Sickert worked briefly as an actor before working as an assistant to James McNeill Whistler, who encouraged Sickert to paint. Sickert soon traveled to France and met Edgar Degas, whose strong draftsmanship and choice of urban subjects influenced Sickert’s development.
Ennui shows two people in a drawing room full of somber color, each looking off in their own little worlds, so close to one another yet completely disconnected. Sickert captures these expressions of ennui perfectly, choosing colors that harmonize with the overall mood as well as using strong drawing to create a sense of tension. Sickert’s choice of a claustrophobic interior to present the interior life of everyday people bears a strong resemblance to similar scenes Edward Hopper would paint from an American perspective decades later.
But the truly juicy angle to the life of Walter Sickert comes from his possibly being Jack the Ripper’s assistant or even the Ripper himself! (Not to be confused with Jackson “Jack the Dripper” Pollock.) Mystery writer Patricia Cornwell believes that the painting above, titled Camden Town Murder (named after another, non-Ripper, sensational murder of the time), shows Sickert with his victim. In Portrait of a Killer: Jack the Ripper—Case Closed, Cornwell presents her case for Sickert being the Ripper. Cornwell apparently bought 31 of Sickert’s paintings and envelopes and stamps he may have licked in hopes of finding enough DNA to close the case. In her personal episode of C.S.I.: Art History Edition, Cornwell may even have destroyed one of Sickert’s paintings in her quest.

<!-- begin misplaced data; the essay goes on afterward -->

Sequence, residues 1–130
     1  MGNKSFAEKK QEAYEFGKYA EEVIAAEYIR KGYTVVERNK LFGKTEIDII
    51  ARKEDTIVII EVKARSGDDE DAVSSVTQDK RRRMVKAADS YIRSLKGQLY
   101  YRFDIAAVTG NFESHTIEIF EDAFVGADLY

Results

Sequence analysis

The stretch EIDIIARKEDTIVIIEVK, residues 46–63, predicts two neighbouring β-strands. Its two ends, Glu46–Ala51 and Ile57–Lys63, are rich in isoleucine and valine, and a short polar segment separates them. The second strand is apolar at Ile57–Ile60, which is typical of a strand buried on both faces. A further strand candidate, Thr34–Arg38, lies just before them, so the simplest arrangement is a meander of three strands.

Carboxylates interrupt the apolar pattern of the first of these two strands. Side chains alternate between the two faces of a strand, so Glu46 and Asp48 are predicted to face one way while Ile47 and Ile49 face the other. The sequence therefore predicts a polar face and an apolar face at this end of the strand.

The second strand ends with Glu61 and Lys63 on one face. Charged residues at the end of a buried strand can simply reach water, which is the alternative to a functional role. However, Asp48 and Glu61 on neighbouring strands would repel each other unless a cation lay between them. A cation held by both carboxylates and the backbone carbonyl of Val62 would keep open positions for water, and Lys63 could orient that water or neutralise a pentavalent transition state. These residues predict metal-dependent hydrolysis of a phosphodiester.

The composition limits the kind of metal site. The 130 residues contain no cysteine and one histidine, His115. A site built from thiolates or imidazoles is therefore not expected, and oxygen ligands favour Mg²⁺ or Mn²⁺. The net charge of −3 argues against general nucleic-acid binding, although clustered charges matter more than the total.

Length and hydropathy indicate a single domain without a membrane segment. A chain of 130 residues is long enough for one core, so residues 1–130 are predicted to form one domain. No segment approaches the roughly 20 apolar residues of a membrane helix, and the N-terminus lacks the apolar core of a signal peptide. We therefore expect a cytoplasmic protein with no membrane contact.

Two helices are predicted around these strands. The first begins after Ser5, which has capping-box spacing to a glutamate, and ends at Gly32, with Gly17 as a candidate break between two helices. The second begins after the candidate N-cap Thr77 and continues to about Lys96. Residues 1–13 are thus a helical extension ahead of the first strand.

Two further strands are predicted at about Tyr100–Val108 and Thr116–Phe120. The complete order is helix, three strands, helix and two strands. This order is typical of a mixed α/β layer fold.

Regardless of all the sensational fanfare of crime fact and fiction, Sickert remains one of the finest British painters since J.M.W. Turner.